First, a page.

We have found in Asian country especially in rural sectors new mothers are unaware about baby's health care issues therefore...
IT HAPPENS ONLY IN INDIA,
GREAT JOB MR. PARMAR
it is good to eat as many as vegetables and fruits (totally vegetarian), but my aurvedic doctor asked me to stop eating every...
even as the Indian government continues to dither over whether or not it should ratify the Stockholm Convention on Persistent Organic Pollutants (pops), China has taken a step forward in this direction. On June 8, officials of the country's State Environmental Protection Administration (sepa) revealed that an application for the ratification of the treaty had been submitted to the National People's Congress, the country's top legislature.
China is already working on a national plan to implement the convention, the China Daily newspaper quoted Wang Jirong, vice-minister of sepa, as saying. Wang was addressing a joint China- us workshop on the pops treaty. However, implementing the national plan under the pact is expected to be tough for China, which houses one of the world's leading chemical manufacturing industries. "Among the nine pesticides included in the convention's list, five were once mass-produced in China and four are still produced in some places," the daily reported. "The country should improve the policy, legal systems, management and risk assessment pertaining to pops," feels Yue Runsheng, a senior official with sepa's department of international cooperation.
Yue also points to the lack of professionals and funds in the country to develop techniques for substituting, treating and reducing pops. Another major task would be taking care of the several thousand tonnes of stockpiles of the pops. "We are not sure where such stockpiles are and, therefore, to spot them needs huge input," adds Yue. Officials of sepa's solid waste and chemicals division say the country would seek to tighten control over all chemicals, including pops. For this, many new measures are planned. These include the establishment of a national chemical and pesticide management system, achieving safe treatment of hazardous chemical wastes, and seeking more international financial and technical support for the purpose.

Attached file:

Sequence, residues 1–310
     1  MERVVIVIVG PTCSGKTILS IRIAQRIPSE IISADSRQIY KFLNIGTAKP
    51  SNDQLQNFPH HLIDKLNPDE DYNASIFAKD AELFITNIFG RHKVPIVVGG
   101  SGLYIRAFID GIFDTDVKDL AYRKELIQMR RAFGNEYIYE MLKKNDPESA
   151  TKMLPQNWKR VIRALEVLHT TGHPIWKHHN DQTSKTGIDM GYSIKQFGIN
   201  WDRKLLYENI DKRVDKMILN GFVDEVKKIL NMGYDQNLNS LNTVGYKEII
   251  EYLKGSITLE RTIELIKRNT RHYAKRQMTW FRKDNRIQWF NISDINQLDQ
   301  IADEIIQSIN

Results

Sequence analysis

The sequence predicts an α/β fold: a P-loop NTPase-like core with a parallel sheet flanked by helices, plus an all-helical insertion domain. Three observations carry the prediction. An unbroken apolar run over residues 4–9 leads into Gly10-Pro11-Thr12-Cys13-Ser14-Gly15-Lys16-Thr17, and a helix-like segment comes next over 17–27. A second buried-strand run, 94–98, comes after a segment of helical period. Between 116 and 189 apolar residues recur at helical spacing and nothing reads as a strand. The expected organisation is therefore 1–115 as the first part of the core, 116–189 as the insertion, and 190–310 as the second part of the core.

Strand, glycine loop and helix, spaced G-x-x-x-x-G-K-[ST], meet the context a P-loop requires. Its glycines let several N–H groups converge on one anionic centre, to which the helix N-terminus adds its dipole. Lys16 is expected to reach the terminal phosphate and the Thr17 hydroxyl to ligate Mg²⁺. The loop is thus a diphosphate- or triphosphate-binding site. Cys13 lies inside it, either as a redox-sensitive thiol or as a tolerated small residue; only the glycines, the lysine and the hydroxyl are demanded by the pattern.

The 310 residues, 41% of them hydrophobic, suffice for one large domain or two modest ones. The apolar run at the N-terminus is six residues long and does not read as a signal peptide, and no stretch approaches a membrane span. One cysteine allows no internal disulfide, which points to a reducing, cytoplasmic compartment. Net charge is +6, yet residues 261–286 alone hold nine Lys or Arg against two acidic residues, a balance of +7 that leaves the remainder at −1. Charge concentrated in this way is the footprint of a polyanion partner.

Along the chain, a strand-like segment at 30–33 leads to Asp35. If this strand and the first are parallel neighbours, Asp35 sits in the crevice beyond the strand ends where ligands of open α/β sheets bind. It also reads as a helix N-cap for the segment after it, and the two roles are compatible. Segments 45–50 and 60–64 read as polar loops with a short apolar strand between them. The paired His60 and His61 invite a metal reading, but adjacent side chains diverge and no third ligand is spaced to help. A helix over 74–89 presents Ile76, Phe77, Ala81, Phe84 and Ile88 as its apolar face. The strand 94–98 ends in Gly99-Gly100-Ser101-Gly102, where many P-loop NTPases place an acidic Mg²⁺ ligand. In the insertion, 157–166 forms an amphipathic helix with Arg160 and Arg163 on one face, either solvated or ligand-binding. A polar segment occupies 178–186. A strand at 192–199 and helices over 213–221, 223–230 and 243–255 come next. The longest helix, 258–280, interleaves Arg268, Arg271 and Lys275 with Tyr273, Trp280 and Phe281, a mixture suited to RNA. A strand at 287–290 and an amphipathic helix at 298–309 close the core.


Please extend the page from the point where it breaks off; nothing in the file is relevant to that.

Meanwhile, the Indian industry continues to lobby hard against the country ratifying the convention, which came into force on May 17 this year. The Indian Chemical Manufacturers Association (icma), in its effort to protect its profits, has been strongly pressurising the Union ministry of environment and forests against endorsing the treaty (see: 'POPs goes the government', Down To Earth, June 15, 2004).